Early-Stage Innovations Shine at the 16th Annual First Look Forum

by Brian Walsh

A new treatment for faster bone healing, an aroma-based disbursement device for large-scale applications, and a novel approach to reduce aging in electronics – these are just some of the patent-pending innovations presented at the 16th Annual First Look Forum at the WE Energies Historic Public Service Building in Milwaukee on April 18th.


Featuring seven promising technologies, the Forum gave professors and students from the University of Wisconsin-Milwaukee, Medical College of Wisconsin, and Marquette University a chance to share their work with investors and companies from all over southeast Wisconsin.


“We hand-picked these projects because they have exciting commercial potential, promising early data, and researchers who are dynamically engaged in innovation,” noted Jessica Silvaggi, UWM Research Foundation President. She added, “Our goal is to make worlds collide. The Forum brings together businesses, investors, entrepreneurs, and researchers to connect in real-time and envision opportunities for fruitful partnerships.”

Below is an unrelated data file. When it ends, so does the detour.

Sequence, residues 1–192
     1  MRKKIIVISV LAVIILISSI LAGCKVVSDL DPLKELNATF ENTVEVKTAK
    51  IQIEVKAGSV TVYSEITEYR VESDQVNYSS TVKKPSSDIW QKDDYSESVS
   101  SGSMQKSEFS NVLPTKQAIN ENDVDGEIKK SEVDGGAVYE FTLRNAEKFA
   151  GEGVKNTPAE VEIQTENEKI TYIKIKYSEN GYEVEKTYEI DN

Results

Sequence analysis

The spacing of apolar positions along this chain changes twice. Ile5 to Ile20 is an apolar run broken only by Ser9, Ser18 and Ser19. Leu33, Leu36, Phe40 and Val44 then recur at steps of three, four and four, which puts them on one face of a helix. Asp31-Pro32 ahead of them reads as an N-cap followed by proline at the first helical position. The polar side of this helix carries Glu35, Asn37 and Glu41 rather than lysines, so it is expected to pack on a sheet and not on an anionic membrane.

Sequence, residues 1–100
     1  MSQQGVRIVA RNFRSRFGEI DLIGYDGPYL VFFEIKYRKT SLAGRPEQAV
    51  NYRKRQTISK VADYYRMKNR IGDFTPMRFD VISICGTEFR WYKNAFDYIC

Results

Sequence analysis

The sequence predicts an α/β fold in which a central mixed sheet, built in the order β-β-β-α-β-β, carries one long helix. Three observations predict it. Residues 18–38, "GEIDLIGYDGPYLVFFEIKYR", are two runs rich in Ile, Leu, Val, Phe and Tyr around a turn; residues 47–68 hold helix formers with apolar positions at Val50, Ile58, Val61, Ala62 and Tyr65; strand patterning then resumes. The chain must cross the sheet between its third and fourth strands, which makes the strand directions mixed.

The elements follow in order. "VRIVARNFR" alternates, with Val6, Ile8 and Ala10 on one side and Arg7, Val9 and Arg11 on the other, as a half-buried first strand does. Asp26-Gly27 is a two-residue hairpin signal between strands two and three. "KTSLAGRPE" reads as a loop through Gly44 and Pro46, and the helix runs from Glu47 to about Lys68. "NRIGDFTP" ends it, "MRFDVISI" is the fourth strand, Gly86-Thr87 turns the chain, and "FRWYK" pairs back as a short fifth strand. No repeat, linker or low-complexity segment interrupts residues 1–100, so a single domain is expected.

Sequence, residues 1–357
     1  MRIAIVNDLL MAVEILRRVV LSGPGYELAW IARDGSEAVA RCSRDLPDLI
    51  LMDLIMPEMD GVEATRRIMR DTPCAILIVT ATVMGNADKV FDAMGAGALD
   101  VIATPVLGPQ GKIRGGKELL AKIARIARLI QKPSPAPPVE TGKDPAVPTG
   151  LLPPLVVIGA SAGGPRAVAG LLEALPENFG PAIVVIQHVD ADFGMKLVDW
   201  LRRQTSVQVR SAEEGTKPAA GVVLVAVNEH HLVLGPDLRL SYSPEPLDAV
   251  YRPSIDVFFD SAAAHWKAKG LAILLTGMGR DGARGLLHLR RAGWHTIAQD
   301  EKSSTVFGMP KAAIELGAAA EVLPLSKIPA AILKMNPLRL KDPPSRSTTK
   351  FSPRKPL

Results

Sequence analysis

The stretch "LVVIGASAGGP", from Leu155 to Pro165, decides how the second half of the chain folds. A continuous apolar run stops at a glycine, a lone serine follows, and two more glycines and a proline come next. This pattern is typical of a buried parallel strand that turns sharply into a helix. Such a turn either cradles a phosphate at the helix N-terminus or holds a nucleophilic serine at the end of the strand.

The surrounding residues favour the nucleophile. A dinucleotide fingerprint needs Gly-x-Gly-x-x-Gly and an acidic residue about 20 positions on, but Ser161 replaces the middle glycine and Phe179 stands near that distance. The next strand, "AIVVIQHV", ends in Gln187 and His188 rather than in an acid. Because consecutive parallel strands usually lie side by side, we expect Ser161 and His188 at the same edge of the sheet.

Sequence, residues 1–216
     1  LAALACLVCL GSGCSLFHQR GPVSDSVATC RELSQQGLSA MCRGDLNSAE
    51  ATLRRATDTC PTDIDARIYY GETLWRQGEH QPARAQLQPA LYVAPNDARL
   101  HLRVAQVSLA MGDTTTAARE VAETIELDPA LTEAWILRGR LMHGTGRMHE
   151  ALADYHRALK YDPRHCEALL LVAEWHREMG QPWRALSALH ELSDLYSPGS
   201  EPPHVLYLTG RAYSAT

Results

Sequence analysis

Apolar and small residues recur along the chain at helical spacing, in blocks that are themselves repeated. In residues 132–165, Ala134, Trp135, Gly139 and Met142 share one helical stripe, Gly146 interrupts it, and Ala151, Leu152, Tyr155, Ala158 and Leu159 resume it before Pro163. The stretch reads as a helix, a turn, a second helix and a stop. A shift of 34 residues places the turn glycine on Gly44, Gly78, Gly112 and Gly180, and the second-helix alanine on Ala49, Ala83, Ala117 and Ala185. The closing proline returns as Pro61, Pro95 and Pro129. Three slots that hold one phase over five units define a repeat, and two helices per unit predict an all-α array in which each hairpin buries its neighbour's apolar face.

UWM Featured Presentations

Lower Cost & Longer Life for Power Electronics, Dr. Chanyeop Park

Dr. Park has developed game-changing technology that improves performance and reduces aging of electronic devices involved in energy infrastructure. As the world makes advances in electrification, industries involved in aerospace, shipping, rail, and energy grids all stand to gain from this foundational innovation. Learn more.


BonePro for Bone Health, Dr. Priyatha Premnath

Dr. Premnath is developing a groundbreaking therapy that promotes bone healing and regeneration. Less invasive than current practices, her impactful approach holds the promise of faster post-injury recovery and addresses the unique needs of vulnerable populations, from the elderly to children and military personnel. Learn more.


Smelling Profits in a Smell-Producing Device, Dr. Krishna Pillai, Abul Borkot, Md Rafiqul Hasan

Dr. Pillai’s team has designed an innovative device to redefine how we control scent and repellent dispensers. By enabling users to control fan and wick-rotation motor speeds, the device offers customizable release rates and is suitable for diverse spaces – small and large, indoor and outdoor. Learn more.


The UWM Research Foundation is looking for innovation partners to help move these technologies to market. Engagement could include mentoring, providing pilot sites, co-founding startups, collaborating on federal grant applications, funding opportunities for talent development through sponsored research, and more. To discuss further, please contact Brian Walsh at brianw@uwmrf.org.